* Western oil majors sticking with Russia projects
* If foreign firms quit, others will take their place -
(Updates with fresh quotes, background, changes dateline)
By Denis Dyomkin
BIROBIDZHAN, Russia, April 24 Russia warned
foreign companies working in the oil and gas sector that if they
quit the country over Ukraine-related sanctions, they would not
be able to return any time soon.
Natural Resources Minister Sergei Donskoy said on Thursday
that foreign firms had not so far signalled they would withdraw
from projects in Russia, the world's top crude oil producer, but
that there would be a price to pay if they did.
"It is obvious that they won't return in the near future if
they sever investment agreements with us, I mean there are
consequences as well," Sergei Donskoy told reporters in the city
of Birobidzhan in Russia's Far East.
"Russia is one of the most promising countries in terms of
hydrocarbons production. If some contracts are severed here,
then, colleagues, you loose a serious lump of your future pie."
Russia's oil and gas industry depends on foreign investment
and technology, especially in projects involving hard-to-recover
The United States and the European Union have imposed visa
bans and asset freezes on a few Russian individuals in protest
at Russia's annexation last month of Ukraine's Crimea peninsula.
However, they have warned that harsher sanctions, affecting
key sectors of the Russian economy could be imposed in days
unless Russia implements the terms of an international agreement
signed last week intended to defuse the Ukraine crisis.
Moscow has accused Ukraine of failing to implement the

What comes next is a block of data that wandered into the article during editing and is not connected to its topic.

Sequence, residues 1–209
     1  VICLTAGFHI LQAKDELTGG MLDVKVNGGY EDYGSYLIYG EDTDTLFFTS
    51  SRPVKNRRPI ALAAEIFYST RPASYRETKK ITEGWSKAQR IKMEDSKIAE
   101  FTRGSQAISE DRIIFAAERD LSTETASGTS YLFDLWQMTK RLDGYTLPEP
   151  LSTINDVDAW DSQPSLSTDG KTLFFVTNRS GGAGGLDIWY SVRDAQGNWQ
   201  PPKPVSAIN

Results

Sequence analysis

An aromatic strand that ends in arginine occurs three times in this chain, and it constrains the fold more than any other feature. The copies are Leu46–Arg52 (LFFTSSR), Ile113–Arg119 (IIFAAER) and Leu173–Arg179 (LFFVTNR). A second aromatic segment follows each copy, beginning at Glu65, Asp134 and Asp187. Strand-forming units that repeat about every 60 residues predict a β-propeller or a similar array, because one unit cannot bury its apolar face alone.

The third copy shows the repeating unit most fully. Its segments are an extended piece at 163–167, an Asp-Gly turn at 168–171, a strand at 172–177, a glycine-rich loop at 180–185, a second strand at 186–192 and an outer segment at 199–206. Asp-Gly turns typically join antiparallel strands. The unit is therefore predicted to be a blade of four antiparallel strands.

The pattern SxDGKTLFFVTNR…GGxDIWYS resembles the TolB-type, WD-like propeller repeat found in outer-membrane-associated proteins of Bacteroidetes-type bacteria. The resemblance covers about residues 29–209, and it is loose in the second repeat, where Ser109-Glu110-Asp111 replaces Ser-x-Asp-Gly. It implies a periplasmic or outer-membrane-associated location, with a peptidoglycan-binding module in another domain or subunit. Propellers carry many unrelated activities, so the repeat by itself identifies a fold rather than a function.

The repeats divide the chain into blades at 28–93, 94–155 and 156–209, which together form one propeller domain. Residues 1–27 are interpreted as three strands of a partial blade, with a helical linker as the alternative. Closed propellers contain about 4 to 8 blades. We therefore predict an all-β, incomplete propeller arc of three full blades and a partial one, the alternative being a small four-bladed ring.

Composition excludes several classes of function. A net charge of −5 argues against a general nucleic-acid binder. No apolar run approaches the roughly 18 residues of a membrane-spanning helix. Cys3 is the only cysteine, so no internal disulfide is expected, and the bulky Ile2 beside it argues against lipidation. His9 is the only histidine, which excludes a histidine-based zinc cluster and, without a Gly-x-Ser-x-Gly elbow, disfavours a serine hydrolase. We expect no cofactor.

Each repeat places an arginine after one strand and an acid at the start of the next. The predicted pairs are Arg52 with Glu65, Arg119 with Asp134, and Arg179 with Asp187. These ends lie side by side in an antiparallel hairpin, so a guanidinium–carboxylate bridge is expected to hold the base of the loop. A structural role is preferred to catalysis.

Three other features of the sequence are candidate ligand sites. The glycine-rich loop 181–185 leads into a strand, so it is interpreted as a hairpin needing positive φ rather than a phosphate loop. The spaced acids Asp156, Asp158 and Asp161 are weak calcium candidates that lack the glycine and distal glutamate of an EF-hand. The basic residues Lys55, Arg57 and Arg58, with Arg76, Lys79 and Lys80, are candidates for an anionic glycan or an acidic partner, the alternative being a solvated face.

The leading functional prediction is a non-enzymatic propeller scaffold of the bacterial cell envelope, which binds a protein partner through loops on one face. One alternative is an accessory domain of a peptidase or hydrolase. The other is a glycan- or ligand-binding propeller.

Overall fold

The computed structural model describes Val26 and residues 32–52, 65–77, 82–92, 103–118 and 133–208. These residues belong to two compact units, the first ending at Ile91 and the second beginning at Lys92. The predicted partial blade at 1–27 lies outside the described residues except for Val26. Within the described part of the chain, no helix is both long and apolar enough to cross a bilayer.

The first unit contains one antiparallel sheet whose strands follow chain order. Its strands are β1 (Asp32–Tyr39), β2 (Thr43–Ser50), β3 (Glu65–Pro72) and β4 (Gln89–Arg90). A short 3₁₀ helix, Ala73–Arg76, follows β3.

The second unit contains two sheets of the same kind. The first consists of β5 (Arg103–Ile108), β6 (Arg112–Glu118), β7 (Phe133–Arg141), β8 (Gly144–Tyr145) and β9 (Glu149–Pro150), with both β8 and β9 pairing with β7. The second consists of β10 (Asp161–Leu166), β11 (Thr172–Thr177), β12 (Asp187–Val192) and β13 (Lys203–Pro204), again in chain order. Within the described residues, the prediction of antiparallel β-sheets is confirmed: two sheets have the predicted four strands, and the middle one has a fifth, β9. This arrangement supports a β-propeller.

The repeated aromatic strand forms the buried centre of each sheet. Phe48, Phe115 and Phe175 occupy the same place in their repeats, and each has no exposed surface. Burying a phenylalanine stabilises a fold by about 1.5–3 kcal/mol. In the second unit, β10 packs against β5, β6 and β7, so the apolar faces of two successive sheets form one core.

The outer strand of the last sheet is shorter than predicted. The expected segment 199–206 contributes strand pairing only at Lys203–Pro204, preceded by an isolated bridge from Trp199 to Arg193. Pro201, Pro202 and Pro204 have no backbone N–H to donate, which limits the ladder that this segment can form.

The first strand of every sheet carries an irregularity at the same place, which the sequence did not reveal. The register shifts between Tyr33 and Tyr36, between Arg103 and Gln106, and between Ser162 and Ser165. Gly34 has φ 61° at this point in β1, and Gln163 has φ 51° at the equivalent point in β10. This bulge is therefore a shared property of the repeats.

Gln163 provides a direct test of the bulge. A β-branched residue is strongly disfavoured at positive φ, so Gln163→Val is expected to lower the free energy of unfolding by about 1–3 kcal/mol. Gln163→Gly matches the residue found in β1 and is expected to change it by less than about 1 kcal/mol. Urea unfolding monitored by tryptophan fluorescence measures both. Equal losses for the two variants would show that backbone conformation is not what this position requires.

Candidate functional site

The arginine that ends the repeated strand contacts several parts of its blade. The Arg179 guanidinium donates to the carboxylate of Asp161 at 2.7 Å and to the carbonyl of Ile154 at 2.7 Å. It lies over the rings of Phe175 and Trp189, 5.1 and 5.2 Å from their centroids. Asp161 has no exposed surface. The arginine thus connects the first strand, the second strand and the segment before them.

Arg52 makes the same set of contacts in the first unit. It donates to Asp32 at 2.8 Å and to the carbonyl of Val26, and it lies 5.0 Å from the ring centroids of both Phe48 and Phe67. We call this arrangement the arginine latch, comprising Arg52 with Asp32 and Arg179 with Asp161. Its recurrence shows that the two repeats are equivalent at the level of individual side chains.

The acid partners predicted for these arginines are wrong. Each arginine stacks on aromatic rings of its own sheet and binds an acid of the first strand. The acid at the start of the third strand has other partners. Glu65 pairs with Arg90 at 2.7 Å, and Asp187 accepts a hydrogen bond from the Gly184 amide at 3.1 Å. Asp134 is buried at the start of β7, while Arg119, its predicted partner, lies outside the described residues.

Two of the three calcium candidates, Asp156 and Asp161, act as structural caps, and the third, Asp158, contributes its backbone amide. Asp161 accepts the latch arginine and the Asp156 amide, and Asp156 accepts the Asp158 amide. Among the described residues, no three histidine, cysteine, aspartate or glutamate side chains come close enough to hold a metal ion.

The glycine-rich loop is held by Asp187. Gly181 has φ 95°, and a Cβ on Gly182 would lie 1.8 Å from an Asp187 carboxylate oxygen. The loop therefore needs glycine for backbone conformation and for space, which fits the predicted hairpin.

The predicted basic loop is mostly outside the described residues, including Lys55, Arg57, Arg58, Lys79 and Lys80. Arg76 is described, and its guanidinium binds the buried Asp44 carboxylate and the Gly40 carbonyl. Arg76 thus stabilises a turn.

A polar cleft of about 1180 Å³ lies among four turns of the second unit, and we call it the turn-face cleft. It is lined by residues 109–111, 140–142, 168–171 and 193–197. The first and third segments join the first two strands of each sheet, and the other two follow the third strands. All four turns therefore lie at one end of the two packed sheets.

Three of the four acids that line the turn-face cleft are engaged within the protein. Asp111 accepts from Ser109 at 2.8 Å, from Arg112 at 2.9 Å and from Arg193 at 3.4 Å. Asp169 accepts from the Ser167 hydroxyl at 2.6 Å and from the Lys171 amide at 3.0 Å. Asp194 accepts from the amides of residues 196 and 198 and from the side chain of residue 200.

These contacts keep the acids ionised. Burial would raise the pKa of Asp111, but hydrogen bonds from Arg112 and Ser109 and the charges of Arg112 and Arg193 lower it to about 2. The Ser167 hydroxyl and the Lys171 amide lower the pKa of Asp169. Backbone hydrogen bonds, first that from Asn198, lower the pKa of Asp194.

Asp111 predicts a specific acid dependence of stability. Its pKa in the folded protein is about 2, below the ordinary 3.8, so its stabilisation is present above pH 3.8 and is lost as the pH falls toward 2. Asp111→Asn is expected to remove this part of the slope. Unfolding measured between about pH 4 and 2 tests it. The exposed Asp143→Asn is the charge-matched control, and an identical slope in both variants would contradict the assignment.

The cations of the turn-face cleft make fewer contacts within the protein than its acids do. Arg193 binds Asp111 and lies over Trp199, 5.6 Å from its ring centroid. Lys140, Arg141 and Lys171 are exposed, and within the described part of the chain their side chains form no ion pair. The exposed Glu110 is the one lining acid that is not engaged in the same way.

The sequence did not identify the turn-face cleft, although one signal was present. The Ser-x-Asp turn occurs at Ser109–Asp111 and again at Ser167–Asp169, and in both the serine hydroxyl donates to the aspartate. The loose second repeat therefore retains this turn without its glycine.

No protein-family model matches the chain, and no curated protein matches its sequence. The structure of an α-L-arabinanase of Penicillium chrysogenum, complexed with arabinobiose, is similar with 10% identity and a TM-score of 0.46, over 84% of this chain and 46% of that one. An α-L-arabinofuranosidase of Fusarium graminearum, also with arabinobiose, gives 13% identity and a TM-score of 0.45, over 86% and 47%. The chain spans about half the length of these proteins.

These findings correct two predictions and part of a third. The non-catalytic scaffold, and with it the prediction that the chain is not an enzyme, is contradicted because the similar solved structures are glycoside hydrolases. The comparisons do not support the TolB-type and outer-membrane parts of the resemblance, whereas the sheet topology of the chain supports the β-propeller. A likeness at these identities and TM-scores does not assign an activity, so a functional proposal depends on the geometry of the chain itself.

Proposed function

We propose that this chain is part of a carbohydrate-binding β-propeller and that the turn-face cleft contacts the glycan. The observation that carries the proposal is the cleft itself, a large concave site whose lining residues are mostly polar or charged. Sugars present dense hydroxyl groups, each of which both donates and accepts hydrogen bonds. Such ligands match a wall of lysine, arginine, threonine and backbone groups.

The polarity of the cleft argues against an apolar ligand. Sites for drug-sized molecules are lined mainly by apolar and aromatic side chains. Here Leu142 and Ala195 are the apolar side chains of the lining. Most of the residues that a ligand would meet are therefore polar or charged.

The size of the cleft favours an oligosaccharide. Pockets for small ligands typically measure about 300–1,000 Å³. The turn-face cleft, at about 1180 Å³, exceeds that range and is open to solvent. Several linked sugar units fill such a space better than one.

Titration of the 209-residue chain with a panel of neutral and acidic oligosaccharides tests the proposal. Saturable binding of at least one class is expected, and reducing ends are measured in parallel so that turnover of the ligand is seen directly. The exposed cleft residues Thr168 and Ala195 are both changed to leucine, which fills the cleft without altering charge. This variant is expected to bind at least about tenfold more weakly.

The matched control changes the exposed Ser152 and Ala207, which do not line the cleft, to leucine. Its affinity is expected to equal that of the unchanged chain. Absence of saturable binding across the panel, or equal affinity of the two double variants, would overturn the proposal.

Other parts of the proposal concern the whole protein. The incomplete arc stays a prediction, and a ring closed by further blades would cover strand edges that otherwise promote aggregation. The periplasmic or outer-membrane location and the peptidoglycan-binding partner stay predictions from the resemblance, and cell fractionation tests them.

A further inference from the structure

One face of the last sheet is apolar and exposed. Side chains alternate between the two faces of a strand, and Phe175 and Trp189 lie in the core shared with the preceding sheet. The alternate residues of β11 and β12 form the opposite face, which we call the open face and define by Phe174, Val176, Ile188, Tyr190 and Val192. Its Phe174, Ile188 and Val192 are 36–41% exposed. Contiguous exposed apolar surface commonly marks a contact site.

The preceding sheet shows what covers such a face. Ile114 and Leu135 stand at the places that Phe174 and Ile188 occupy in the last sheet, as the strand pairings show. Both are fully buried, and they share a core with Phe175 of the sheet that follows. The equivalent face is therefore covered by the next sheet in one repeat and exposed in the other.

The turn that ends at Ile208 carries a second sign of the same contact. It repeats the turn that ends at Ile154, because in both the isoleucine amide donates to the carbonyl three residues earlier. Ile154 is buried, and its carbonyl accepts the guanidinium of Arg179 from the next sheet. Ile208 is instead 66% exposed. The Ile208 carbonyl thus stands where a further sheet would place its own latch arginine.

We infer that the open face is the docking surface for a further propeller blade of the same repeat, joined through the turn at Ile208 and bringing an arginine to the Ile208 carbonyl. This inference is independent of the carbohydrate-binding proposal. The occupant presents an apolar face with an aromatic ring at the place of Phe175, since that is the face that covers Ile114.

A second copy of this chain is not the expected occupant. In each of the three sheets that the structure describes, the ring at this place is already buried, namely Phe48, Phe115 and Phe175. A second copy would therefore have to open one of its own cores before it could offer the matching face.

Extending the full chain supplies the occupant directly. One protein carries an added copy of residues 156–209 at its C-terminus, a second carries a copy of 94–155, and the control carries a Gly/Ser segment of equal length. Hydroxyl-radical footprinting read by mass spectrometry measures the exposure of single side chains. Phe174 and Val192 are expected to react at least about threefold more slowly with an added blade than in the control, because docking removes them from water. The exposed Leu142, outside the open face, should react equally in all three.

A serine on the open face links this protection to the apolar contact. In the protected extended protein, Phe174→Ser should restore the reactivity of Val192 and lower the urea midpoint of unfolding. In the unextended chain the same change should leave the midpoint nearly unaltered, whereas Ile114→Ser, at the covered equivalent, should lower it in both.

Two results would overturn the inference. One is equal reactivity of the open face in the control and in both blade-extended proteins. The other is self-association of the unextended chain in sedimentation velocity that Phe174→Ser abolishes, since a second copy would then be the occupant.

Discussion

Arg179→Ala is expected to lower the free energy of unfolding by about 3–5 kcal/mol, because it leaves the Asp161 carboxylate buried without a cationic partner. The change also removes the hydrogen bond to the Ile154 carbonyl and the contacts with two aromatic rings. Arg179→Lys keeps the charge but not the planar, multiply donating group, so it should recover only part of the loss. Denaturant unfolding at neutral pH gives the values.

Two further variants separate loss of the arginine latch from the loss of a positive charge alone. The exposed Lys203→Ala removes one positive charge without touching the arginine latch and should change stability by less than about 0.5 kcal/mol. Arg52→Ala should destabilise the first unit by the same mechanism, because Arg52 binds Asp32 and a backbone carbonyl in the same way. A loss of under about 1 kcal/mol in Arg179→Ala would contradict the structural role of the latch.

Geneva deal and has warned that it may cut gas deliveries to
Ukraine over an unpaid bill. Russia supplies about a third of
European gas demand, half of it through Ukraine.
Capital outflows from the country have surged as
international tensions have worsened and investors have moved
their money out of Russia.
Central bank data released earlier this month showed an
estimated $63.7 billion in net capital outflows in the first
three months of the year, the same as for the whole of 2013. The
World Bank has said this year's total could reach $150 billion.
The surge coincides with an overall slump in investment and
a sharp deterioration in business confidence, as forecasters
slash economic growth forecasts.
Nevertheless, Donskoy said Western oil majors BP and
Royal Dutch Shell were sticking with their projects in
BP owns a 19.75 percent stake in Kremlin-controlled energy
giant Rosneft, which accounts for about a third of
BP's oil output.
BP Chief Executive Bob Dudley visited Moscow earlier this
month and said the company was "rock solid" with its Rosneft
investment and that it was "business as usual".
A few days later, Shell Chief Executive Ben van Beurden also
came to Moscow and told President Vladimir Putin the company was
committed to expansion in Russia.
Shell already has an oil-producing project with Gazprom Neft
, Gazprom's oil arm, and has started to tap
hard-to-recover oil in Russia.
Van Beurden confirmed that Shell had agreed with Gazprom to
expand the Sakhalin-2 liquefied natural gas plant which produces
10 million tonnes of LNG per year.
Russia has signed deals with other international majors
including ExxonMobil, Eni and Statoil,
mainly relating to projects in the Arctic.
Donskoy said that if companies did decide to "diversify
their investments" and pull out of Russian deals, "I am sure
others wishing to take their places would be found".
Gazprom, with more than 15 percent of global gas
production and reserves, is expected to sign a deal next month
to begin exporting gas to China from 2018.
Such a deal would mark the end of a decade of talks and some
analysts say the pace has picked up partly in response to
concerns that the threat of sanctions is spurring Europe to
reduce its dependence on Russian energy.
(Reporting by Denis Dyomkin; Writing by Nigel Stephenson;
editing by Anna Willard)